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The integumentary - Research Paper Example

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Mrs Florence Lee (94 yrs old) is a resident of the Jasmine Waters Retirement Village. She has recently moved from the self care facility to the nursing home facility due to developing dementia and increased care needs. Florence has led an active life, surfing in her youth and enjoying lawn bowls until her mid 80’s…
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The integumentary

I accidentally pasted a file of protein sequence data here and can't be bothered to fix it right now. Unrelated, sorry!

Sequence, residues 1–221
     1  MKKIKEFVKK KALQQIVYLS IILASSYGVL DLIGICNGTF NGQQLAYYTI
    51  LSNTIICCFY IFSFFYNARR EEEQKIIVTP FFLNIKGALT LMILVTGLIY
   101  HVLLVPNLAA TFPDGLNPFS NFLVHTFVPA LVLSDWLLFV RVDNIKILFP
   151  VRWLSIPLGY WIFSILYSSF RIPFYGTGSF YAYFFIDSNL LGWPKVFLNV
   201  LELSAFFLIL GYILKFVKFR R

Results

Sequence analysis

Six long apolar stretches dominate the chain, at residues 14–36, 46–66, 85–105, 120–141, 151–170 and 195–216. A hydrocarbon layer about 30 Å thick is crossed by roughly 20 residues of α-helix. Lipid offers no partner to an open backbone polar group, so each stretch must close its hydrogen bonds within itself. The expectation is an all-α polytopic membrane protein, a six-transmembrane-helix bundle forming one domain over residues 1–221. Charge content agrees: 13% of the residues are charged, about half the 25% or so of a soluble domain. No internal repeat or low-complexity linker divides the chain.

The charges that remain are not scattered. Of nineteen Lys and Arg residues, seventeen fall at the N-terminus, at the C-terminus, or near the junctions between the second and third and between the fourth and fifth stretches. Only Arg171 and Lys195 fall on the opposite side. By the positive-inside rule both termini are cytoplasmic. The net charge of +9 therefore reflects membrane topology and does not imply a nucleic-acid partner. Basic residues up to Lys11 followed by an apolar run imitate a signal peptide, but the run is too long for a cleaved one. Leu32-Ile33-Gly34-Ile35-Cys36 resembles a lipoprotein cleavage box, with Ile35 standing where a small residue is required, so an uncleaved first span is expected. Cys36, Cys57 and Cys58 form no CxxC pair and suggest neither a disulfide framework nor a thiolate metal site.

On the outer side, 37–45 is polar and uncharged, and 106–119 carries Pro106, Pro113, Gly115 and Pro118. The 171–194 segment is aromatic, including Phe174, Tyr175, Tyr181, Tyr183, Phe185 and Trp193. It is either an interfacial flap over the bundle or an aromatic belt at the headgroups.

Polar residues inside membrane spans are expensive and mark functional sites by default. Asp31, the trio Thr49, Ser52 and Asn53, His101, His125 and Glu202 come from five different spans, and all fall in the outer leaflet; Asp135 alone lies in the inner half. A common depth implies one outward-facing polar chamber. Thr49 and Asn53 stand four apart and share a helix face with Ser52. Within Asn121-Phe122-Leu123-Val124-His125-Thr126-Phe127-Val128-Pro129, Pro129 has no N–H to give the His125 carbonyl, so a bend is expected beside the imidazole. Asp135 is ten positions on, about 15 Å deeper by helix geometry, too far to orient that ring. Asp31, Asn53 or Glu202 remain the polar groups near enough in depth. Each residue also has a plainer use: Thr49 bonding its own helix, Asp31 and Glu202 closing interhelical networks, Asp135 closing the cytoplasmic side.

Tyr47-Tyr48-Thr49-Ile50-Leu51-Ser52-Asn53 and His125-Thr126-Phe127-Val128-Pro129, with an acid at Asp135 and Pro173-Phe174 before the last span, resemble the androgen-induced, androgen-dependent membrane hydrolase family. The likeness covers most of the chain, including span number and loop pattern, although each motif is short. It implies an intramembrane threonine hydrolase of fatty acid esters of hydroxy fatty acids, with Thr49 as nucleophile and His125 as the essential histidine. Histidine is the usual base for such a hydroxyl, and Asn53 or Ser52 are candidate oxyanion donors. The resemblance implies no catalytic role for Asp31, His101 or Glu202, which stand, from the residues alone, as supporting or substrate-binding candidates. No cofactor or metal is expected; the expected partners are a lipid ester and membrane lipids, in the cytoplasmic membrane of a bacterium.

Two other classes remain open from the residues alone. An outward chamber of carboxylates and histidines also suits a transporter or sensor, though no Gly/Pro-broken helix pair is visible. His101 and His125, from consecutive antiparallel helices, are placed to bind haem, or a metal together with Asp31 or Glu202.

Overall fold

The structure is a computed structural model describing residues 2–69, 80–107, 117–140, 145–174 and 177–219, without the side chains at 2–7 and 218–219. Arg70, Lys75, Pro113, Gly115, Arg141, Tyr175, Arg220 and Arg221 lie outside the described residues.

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Download file to see previous pages She is also forgetting to wash her hands after toileting. Her skin has become very dry, pale and thin, tearing easily even when she simply scratches an itch. Q 1. Identify a specific cell from the integumentary system (1 cell only for each), involved in a) protection – SQUAMOUS CELL of the skin appears thin and flat; this is very important in protecting the entire body against damage brought about by cuts, bumps, spills of acids and bases, and damage due to ultraviolet radiation (Marieb, 2008). b) sensation – CUTANEOUS SENSORY RECEPTOR is another cell which can appear as specialized neurons, dendritic nerve endings, or specialized epithelial cell connected with sensory nerve endings; this is particularly responsible for the sensation of skin (Seeley, 2008). c) secretion – CUBOIDAL CELLS of sebaceous gland exit as single layer with polygon-shaped cells; it appears square-like in structure with a central round nucleus found in most glands of the human body (Tortora & Derrickson, 2007). Describe how each of these cells is designed for the function it carries out. Squamous cells are designed to be flat and thin to easily cover the outer part of the skin and facilitate the process of diffusion of substances effectively and more rapidly, in or out of the cells. Cutaneous skin receptors on the other hand, appear elongated, mesh-like and inter-networking with one another; this type of design is intended for fast conduct and transmission of impulses or electrical conductivity. Lastly, the cuboidal cells have box-like feature which is designed to permit fluid-holding capacity; allowing cells to secrete substances.. Q2. How does skin structure and function change with age and lifestyle factors? Make reference to the case study and the cells and functions you have discussed in Question 1. Skin, the largest organ and the most visible in the body, also undergoes aging process that shows multiple clinical manifestations and concerns. Organ aging and failure, become evident if and when the skin is affected. Skin deterioration is the outward evidence of faltering physiology. Although in the healthy aged population, expected changes occur, and sometimes lead to problems. Most of the skin changes that are linked with aging are caused by intrinsic aging rather than lifestyle factor or photo damage (Shekar, Luciano, Duffy and Martin, 2005; p. 125-1119).Cellular damage due to intrinsic factors are not fully understood, however, the stress of free radicals derived from reactive oxygen species that resulted from oxidative metabolism may lead to mutation of DNA, oxidation of proteins due to oxidation of membrane lipids, reduced function, and resulting in the abnormal trans-membrane impulse transmission and reduced transport efficiency. The moment repair is incomplete, damage over time can result to to abnormal structure and function.(Tortora & Derrickson, 2007). The ultraviolet exposure will also speed up chronological skin changes, and as age increase the impact of photo aging heightens (Seeley, 2008). Q3. Florence has expressed discomfort with hot weather. Explain how her skin changes may be contributing to this? Normally, occupation, lifestyle, and health associated decisions frequently determine the appearance of skin. Smoking, weight loss, lack of exercise, inadequate nutrition, stress and lack of sleep, exposure to cold weather, are common contributors to unhealthy skin. For elderly people, there are major changes in the structures ...Download file to see next pagesRead More
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